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Africa Roads Action Plan



Dealing with Africa’s road infrastructure backlog remains high on the agenda for not only its leaders but also the worlds leading road construction and road infrastructure companies.

Taken as a whole, Africa’s road infrastructure lags well behind that of the rest of the world for example 34% rural access vs. 90% globally. Those highways that do exist are often in a dilapidated condition and massive backlogs in maintenance, repair and operations prevents the construction of much needed new corridors linking cities and countries.

Throughout Africa private companies are already making major road investments. Whether you’re in Senegal, landing in Namibia or driving through downtown VI in Lagos – there are many examples of improving road infrastructure. These have been critical in spurring Africa’s continued economic expansion. However, new projects continue to be hampered by an inadequate regulatory environment, a lack of coordination among state entities that results in delays. Yet the overriding problem with African road development remains an issue of finance and investment.

The ability for Africa to fund these projects on its own is limited. Competing priorities between government departments for limited funding means that most host governments outside of South Africa can simply not support most of the projects they want to get off the ground. Competing road projects compounds this problem for the industry. A key finding of our global Infrastructure Exchange Survey was that funding expected to go to road infrastructure is often syphoned off to other government departments with worrying regularity. When respondents to our survey were asked why, it was felt because it was political suicide to withdraw funding for schools and hospitals yet roads was “fair game” as one respondent put it.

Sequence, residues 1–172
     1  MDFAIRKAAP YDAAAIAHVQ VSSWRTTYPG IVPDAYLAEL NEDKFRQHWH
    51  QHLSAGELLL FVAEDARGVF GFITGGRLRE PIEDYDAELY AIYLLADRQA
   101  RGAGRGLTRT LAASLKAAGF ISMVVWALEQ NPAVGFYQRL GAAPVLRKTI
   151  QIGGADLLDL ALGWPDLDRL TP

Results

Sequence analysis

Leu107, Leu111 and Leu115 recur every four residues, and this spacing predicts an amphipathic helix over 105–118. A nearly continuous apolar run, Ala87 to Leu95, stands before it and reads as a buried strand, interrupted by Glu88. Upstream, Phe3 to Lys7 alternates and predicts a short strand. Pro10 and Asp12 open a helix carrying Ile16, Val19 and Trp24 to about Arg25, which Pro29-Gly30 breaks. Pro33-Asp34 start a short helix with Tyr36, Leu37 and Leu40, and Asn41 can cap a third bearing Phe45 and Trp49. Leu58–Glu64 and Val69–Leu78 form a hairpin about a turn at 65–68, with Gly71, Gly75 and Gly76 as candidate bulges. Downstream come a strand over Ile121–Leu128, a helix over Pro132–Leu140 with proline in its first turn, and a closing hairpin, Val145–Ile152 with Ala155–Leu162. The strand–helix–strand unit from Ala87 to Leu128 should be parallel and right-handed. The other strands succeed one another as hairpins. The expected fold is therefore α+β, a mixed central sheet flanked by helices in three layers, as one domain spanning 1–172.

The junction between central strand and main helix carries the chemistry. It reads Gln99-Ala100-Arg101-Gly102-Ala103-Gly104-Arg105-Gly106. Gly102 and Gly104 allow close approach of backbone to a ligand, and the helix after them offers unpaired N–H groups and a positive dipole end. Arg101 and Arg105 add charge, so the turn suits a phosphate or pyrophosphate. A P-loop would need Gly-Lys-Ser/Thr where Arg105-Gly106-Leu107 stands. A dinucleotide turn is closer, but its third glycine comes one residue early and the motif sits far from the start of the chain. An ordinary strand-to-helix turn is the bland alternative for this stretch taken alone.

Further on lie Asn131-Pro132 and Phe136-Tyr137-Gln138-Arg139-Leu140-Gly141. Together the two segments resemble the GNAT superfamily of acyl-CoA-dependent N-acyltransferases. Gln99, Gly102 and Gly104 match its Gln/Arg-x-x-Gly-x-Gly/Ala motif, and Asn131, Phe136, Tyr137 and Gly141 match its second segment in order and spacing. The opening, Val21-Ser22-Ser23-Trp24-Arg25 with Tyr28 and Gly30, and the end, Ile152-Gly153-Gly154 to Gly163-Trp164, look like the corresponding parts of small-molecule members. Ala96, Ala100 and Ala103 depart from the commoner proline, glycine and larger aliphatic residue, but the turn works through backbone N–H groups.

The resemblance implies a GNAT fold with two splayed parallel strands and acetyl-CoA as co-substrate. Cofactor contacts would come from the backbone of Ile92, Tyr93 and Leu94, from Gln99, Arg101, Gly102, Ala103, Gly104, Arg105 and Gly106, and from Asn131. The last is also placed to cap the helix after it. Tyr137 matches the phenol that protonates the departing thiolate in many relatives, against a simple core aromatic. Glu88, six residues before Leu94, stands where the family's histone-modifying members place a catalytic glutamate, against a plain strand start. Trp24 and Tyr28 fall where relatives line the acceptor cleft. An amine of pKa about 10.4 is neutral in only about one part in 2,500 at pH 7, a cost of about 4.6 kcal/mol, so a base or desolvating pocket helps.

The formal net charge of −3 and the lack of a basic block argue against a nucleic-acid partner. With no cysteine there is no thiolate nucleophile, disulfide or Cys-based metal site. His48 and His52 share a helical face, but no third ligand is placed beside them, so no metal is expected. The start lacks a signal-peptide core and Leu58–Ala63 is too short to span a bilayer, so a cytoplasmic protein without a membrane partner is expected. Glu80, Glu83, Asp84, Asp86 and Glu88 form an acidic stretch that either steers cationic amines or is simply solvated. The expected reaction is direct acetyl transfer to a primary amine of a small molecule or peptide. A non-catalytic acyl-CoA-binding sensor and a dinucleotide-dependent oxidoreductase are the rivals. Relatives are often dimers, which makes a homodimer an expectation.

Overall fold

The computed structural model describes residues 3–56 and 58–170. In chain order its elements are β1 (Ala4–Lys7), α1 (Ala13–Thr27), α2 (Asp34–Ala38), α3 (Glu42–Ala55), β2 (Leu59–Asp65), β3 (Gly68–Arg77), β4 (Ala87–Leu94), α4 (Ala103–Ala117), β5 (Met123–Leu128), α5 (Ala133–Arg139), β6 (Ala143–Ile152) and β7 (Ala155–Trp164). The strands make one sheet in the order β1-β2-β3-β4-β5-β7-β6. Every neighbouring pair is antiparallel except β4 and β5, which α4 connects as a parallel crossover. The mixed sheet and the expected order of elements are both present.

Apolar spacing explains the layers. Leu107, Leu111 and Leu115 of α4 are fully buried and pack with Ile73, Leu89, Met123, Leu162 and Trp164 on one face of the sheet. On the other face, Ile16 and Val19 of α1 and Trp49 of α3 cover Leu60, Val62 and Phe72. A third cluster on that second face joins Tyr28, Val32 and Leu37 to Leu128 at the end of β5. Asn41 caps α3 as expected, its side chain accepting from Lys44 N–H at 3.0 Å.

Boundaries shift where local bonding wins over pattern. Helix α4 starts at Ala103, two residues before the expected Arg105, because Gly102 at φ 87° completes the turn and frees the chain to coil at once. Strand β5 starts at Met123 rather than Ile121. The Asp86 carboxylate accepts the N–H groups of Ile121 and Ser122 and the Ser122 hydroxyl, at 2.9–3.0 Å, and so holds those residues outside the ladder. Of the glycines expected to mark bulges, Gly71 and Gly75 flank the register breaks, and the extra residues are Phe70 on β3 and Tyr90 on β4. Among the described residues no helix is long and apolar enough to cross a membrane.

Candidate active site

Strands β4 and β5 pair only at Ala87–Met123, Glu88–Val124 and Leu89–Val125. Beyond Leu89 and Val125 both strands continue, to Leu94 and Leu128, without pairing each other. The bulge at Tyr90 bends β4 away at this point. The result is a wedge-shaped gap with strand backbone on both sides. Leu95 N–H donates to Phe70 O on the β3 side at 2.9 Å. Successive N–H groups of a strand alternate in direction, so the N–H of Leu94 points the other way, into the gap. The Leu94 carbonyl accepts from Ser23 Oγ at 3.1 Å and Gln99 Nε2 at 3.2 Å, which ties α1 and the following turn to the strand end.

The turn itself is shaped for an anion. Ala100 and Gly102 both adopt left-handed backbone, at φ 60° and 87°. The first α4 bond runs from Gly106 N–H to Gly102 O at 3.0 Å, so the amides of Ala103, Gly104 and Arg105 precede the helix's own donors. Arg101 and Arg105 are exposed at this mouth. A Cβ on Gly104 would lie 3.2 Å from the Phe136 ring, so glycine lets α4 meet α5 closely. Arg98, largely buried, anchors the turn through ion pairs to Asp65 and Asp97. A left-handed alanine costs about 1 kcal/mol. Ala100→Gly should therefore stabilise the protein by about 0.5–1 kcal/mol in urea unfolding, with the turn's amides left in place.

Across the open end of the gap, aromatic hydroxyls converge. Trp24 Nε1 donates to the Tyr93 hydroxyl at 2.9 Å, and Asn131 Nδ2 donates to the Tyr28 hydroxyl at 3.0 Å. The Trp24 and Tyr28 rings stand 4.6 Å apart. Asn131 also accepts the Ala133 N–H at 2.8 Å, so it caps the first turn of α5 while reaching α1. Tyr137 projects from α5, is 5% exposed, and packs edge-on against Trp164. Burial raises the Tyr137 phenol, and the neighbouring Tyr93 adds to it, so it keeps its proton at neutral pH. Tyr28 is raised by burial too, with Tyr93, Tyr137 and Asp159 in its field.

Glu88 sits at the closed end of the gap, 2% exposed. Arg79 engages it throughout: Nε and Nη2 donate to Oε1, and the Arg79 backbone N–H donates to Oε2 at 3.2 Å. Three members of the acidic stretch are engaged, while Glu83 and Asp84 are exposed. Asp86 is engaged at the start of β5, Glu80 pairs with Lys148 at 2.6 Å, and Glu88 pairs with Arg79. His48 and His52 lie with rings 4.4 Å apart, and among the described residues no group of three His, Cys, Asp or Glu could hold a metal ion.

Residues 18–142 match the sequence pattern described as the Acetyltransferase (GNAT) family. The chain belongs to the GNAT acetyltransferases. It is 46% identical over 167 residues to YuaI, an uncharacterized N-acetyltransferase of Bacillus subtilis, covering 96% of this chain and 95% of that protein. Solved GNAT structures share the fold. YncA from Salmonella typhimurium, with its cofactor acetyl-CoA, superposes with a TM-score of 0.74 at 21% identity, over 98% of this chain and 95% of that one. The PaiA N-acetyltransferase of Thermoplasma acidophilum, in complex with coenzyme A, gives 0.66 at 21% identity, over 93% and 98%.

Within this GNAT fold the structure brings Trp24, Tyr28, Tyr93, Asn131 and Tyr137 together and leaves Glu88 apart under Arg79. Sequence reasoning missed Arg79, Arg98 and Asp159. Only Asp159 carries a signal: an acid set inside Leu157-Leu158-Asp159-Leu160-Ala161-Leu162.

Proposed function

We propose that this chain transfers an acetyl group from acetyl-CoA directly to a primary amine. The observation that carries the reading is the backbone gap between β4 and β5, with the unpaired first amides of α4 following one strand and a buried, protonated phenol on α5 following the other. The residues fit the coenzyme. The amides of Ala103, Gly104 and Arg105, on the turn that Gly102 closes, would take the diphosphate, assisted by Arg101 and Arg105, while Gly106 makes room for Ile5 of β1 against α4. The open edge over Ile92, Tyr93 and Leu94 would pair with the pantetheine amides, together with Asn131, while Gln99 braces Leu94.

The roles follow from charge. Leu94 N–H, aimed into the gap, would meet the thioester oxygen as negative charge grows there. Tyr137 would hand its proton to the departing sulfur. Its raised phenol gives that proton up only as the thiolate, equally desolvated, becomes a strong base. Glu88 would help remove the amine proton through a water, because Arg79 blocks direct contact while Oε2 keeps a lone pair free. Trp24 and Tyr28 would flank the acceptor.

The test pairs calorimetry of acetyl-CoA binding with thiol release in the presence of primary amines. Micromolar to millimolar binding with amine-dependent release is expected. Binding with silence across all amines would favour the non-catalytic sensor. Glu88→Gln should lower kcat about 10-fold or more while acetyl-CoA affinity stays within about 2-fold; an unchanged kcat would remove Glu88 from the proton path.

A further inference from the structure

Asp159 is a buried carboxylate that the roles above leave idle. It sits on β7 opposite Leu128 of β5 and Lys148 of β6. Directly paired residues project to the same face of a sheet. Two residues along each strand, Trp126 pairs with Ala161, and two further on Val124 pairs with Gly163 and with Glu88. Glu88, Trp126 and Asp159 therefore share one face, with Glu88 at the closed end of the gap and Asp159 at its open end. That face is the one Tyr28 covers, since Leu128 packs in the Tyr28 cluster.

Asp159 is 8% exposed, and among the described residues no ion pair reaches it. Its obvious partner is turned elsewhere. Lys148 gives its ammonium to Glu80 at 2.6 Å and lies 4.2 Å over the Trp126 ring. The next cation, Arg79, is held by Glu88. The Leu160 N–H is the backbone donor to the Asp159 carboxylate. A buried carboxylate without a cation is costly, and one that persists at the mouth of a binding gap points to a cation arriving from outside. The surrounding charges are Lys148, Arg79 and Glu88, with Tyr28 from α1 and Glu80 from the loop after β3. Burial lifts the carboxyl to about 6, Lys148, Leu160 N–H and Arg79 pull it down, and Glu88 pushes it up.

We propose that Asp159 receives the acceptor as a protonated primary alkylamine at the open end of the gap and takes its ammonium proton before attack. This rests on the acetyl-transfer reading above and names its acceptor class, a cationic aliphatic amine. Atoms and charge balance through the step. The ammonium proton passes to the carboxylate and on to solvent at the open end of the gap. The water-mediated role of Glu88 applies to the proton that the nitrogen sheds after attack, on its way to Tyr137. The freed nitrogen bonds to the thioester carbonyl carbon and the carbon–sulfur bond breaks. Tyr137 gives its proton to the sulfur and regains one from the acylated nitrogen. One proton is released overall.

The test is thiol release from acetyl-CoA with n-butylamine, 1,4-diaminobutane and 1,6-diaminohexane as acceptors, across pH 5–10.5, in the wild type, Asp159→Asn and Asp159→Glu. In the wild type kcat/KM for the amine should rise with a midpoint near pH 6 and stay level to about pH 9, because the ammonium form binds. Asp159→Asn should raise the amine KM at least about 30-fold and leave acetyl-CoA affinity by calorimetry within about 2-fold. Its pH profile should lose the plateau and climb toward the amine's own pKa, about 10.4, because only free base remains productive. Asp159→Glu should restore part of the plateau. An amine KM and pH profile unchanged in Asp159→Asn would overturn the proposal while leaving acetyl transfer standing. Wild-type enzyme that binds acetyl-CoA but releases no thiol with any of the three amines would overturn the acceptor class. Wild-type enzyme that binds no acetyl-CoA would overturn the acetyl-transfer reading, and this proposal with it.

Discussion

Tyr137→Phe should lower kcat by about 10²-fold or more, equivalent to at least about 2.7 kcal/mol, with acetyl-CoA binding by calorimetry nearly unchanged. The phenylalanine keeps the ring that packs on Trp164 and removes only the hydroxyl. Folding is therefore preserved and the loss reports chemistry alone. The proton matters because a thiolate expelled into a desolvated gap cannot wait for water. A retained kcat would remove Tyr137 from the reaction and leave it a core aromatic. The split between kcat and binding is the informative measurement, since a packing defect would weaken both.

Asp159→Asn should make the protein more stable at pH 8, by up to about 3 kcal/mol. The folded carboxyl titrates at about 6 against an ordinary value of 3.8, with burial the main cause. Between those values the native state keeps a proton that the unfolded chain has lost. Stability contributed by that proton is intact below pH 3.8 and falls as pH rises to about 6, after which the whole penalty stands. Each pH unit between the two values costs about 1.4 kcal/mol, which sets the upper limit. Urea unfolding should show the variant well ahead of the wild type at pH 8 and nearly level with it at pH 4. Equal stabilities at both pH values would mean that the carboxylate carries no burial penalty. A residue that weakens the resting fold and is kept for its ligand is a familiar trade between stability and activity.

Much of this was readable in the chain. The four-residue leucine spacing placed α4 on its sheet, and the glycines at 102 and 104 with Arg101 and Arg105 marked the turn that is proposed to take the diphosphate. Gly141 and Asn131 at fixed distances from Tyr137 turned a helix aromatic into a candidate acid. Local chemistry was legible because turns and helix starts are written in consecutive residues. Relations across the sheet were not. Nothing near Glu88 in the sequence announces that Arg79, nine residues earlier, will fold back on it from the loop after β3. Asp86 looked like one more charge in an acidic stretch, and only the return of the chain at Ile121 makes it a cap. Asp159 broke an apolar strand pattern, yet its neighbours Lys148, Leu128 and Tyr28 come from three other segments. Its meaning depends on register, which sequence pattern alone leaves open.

So what can the road construction industry do, to ensure that road projects are top of the agenda. The Infrastructure Exchange sat down with our members from the investment community and created four key steps they felt would help them present their arguments to ensure the industry gets the funding it so desperately needs.

All stakeholders must align and create a common message of the benefits of world-class road infrastructure. This must be pan-regional and not be in silos characterised by countries, sub-sector specific(i.e. just traders or technology providers).

An engagement programme with DFIs that ensures investors are informed. They too have finite resources that have to be split across all infrastructure projects and regions (not just roads in Africa)

Foster a better understanding of how the investor gets paid, what they need to see in bankable projects that will allow road development to happen in Africa.

A solid education program for investors around the needs of the industry itself, and understanding of the technical complexities that happen at the ‘cold face’ of the road construction industry

Over the next decade, spending on the various road infrastructure projects is expected to continue growing, driven by a growing middle class the need in areas like East Africa to access the natural resources of the region and achieve the goals of economic development.

The 4th Africa Road Infrastructure & Investment Congress in Kenya in September 2019 looks to create an action plan of change, foster investor dialogue and ensure a platform that can tackle these four issues. We hope to see you there and like to hear from you. #ARIIC2019

The Infrastructure Exchange Team

#investment #EastAfrica #financing #roads